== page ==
Now consider the activity of reading the Bible and all spiritually-edifying literature. Reading demands active participation. The moment the mind enters the passive mode we are no longer reading but blankly staring at words on a page. Often we work our way to the end of a page we never actually read. Reading demands mental activity, discipline, effort, careful contemplation, medita­tion, and reflection. Sometimes you have to go back and read the same sentence over again in order to understand the concepts and their relationships to each other, and the relationship of the sentence to its preceding context. Reading demands deep thinking.

It is no surprise that reading, or any other spiritually edifying activity of the Christian life requires deep think­ing, and the exercise of the mind. For, Romans 12:2 says, “And be not conformed to this world: but be ye trans­formed by the renewing of your mind….” By the renewing of your mind! The mind is not like the cottage on the lake, which has to be renovated and updated every twenty or fifty years or so. The mind has to be renovated every single day lest it decay and corrode. Every day renew your mind! Do not be conformed to this world, which conformity can be accelerated by the decaying of the mind, but be transformed by the renewing of your mind. I Peter 1:13: “Wherefore gird up the loins of your mind, be sober….” Gird up the loins of your mind. Think of a man in Israel with a long robe. If he had to move quickly, he would pull up the bottom of his robe and tuck it in his girdle, lest it get caught in his sandals or in his legs. And now the apostle Peter says, “Gird up the loins of your mind.” We have to be sharp and active and diligent with our mind. Gird it up, so it is ready to go. The Christian life in general and reading in particular demand a sharp, regenerated mind.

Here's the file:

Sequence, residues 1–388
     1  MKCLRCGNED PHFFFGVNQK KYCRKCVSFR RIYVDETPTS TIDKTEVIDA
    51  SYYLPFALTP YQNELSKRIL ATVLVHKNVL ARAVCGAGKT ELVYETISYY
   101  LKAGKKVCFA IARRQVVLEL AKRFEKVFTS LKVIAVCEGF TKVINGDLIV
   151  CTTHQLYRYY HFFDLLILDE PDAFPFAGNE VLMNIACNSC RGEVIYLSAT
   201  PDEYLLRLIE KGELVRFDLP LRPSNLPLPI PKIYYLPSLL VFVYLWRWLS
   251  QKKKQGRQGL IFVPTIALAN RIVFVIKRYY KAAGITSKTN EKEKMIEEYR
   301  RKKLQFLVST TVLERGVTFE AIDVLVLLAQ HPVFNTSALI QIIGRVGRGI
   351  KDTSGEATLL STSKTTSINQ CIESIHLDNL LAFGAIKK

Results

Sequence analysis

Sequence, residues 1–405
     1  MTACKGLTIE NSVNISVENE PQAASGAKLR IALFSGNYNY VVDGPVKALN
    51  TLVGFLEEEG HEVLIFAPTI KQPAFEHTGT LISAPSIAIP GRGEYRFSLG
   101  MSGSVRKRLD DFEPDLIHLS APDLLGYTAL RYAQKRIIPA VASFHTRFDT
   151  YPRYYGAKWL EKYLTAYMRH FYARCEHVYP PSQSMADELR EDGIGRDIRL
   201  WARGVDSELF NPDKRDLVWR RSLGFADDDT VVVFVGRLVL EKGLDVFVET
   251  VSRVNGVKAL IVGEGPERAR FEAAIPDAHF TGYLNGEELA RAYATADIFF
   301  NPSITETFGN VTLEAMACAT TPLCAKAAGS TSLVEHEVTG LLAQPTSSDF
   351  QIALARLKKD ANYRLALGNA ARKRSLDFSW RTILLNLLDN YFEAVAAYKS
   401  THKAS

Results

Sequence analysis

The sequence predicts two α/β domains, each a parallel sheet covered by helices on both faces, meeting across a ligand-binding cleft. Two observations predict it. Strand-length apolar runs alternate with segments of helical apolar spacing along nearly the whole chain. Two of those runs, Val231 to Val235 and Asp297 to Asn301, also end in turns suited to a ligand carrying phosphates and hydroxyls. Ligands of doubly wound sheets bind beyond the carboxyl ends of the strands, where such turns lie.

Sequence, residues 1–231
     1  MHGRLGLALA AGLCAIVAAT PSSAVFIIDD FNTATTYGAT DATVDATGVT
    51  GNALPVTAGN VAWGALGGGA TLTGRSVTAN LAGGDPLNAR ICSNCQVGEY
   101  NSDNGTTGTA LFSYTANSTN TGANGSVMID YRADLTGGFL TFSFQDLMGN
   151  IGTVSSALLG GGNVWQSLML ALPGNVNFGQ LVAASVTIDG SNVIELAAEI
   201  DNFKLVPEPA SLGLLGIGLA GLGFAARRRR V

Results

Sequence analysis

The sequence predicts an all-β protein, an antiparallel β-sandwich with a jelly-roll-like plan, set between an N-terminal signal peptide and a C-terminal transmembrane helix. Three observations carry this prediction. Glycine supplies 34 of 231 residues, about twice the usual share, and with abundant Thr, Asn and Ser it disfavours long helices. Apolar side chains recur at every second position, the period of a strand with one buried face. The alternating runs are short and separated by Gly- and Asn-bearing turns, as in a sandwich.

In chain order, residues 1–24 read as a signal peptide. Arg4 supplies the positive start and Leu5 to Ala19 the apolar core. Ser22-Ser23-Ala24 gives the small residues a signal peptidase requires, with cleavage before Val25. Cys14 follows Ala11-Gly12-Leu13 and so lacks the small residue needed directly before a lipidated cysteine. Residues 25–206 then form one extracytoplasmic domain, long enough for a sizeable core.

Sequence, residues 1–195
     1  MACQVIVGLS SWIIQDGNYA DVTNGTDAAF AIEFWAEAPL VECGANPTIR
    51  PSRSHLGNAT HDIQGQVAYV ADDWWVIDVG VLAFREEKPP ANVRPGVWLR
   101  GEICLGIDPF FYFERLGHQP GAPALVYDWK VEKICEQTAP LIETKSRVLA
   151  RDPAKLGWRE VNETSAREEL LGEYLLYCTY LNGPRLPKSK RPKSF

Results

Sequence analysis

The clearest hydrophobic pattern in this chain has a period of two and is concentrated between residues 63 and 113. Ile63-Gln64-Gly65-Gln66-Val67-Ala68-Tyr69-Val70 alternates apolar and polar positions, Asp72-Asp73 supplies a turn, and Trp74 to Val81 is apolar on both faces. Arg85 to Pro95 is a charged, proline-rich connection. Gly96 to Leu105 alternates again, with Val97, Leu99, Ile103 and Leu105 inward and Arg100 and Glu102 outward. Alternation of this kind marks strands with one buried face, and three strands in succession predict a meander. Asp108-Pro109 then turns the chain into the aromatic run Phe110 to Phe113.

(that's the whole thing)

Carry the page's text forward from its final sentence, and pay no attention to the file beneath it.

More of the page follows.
It is always necessary to encourage the next genera­tion to read, but it is especially urgent now because the modern world in which we live is not conducive to and even indirectly discourages the deep thinking of the mind that spiritually-edifying reading requires.

We must encourage the next generation to read. Next time: “What can we do?”